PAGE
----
Commons debates data and transparency impacts from Land Registry sale

Commons debates data and transparency impacts from Land Registry sale

Commons debates data and transparency impacts from Land Registry sale

MP George Freeman denies government has plan to privatise organisation amidst concerns about open data impact; final decision to be taken by ministry in "due course"

The Department for Business Innovation and skills (BIS) has said a decision over the possible privatisation of the Land Registry will be made in "due course", with life sciences minister George Freeman rejecting suggestions that the government has plans for making such a move.

Opposition politicians and organisations such as the Open Data Institute (ODI) have been critical of any proposed privatisation of the registry over fears it may undermine wider government commitments to open data, transparency and information sharing in the public and private sectors.

Launching its consultation earlier this year, the government has set out its preferred option for retaining ownership of an "accurate" information register, while privatising the Land Registry, a non ministerial department that records property owners in England and Wales.

With the consultation closing last month, Freeman used a parliamentary debate held on Thursday (June 30) about moving the organisation into the private sector to set out the department's current thinking about future financing of the organisation. "What would be the rationale were the government to take privatisation of the Land Registry forward? Well, I can confirm that the government have absolutely no plans for this. We have carried out the consultation and we are in the process of hearing, loud and clear, what is said," he said. The life sciences minister said the consultation had been considered as a means of determining how the Land Registry could potentially raise substantial extra investment for its operations not provided by the state.

Read Also:
Why Smart City Development Relies on Relationships

While the government had carried out the consultation to look at how Land Registry functions can be better financed and "thrive more with new freedoms", the government had no plans for privatisation or received any bids.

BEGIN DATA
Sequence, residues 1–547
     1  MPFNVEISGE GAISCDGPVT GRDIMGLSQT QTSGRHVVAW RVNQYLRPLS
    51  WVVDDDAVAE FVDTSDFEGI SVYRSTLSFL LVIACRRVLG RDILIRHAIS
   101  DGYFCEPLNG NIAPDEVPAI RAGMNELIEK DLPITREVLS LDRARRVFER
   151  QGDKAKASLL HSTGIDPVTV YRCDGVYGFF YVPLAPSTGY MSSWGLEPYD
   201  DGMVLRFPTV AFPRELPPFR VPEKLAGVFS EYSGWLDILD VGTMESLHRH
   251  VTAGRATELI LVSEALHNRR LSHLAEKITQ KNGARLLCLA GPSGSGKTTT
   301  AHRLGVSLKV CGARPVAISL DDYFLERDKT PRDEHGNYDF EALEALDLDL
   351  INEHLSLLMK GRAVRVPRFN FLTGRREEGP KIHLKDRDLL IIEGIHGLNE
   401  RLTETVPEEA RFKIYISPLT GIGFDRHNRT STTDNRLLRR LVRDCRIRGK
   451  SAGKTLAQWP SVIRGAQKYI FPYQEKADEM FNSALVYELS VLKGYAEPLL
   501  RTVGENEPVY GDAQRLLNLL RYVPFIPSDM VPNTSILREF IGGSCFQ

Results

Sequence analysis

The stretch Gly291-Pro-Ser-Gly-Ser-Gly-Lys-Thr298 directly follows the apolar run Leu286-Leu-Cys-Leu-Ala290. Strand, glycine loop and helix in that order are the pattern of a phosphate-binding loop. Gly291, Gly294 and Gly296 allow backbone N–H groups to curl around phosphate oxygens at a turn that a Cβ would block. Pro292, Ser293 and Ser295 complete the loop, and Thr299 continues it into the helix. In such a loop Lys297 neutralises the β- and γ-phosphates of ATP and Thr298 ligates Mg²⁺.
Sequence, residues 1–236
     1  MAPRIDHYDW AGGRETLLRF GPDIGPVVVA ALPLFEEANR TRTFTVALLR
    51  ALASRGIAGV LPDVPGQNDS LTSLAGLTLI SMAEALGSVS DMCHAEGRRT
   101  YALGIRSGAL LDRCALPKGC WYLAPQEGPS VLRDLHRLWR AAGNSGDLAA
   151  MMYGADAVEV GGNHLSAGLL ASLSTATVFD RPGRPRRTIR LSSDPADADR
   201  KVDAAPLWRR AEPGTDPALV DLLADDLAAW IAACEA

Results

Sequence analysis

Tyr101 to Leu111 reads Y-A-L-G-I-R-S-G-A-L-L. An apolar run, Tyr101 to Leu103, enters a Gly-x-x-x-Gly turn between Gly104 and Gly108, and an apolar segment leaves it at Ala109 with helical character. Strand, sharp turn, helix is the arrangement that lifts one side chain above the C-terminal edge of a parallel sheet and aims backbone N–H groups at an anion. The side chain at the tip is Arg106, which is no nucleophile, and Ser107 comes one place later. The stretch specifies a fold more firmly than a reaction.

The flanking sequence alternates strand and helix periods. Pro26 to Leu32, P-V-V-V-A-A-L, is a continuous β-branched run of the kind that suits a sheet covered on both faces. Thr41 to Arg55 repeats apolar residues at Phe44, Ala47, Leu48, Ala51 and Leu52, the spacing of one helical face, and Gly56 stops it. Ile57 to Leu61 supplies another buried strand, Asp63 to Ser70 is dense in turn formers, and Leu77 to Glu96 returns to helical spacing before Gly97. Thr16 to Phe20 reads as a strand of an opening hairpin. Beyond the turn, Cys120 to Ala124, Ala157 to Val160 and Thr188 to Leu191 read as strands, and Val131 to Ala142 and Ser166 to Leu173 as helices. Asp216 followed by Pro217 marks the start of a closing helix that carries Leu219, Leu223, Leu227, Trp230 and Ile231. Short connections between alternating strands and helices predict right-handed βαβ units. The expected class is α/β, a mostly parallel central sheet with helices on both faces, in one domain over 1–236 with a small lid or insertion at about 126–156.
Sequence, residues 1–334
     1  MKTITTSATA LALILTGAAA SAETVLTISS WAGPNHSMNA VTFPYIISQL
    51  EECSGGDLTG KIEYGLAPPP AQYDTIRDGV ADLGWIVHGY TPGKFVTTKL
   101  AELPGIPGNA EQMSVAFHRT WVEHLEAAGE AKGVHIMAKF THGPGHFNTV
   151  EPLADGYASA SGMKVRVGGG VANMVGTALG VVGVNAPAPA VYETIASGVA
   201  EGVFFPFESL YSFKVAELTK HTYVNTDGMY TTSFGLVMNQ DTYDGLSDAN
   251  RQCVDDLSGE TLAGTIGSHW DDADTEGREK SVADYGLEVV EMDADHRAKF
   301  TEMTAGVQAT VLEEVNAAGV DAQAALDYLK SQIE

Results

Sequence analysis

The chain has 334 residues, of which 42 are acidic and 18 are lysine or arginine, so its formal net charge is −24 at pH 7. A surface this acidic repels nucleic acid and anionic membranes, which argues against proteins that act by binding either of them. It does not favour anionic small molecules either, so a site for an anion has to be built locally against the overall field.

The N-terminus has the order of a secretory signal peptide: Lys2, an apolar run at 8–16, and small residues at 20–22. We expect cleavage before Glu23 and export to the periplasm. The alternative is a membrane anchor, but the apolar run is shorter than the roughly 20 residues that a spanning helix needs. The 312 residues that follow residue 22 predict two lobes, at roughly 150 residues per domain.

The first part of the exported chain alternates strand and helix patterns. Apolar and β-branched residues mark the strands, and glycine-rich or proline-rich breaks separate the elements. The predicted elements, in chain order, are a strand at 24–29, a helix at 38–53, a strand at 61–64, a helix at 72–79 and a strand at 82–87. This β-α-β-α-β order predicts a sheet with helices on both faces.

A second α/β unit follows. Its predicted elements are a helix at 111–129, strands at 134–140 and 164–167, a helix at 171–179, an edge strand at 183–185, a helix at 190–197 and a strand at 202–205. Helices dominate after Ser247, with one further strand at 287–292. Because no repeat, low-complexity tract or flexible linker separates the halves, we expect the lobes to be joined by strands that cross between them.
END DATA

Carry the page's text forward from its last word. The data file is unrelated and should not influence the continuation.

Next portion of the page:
"No decision has been made," he said.

Opening the debate in parliament, MP David Lammy argued that privatising the Land Registry, which posted a surplus in 19 of the last 20 years and paid back £120m to the public purse, could also have serious consequences for transparency and accountability.

Lammy noted particular concern about efforts to tackle corruption particularly through the government's own acknowledgement of the role of purchasing property as a means of hiding the proceeds of criminal money.

He therefore called for the house to oppose any privatisation plans that he claimed would put short-term profit at the expense of public interest.

Noting previous consultations held during the last parliament, Lammy said, "We are aware that there is a general sense that the government are itching to privatise the Land Registry. Unlike with the 2014 consultation, this time around the status quo is not even being offered as an option.

Read Also:
Making data analytics work for you--instead of the other way around

 



Big Data Innovation Summit London

30
Mar
2017
Big Data Innovation Summit London

$200 off with code DATA200

Read Also:
How to get started in data journalism: Takeaways from a panel at CUNY

Data Innovation Summit 2017

30
Mar
2017
Data Innovation Summit 2017

30% off with code 7wData

Read Also:
How Open Data for Science Will Transform How We Develop Revolutionary New Products, Services and Miracle Cures

Enterprise Data World 2017

2
Apr
2017
Enterprise Data World 2017

$200 off with code 7WDATA

Read Also:
Open Belgium

Data Visualisation Summit San Francisco

19
Apr
2017
Data Visualisation Summit San Francisco

$200 off with code DATA200

Read Also:
The Merging of Social Media, Big Data, Perpetually Connected Consumers and AI... Nirvana, or the End of Free-Will?

Chief Analytics Officer Europe

25
Apr
2017
Chief Analytics Officer Europe

15% off with code 7WDCAO17

Read Also:
The Merging of Social Media, Big Data, Perpetually Connected Consumers and AI... Nirvana, or the End of Free-Will?
Read Also:
How to get started in data journalism: Takeaways from a panel at CUNY

Leave a Reply

Your email address will not be published. Required fields are marked *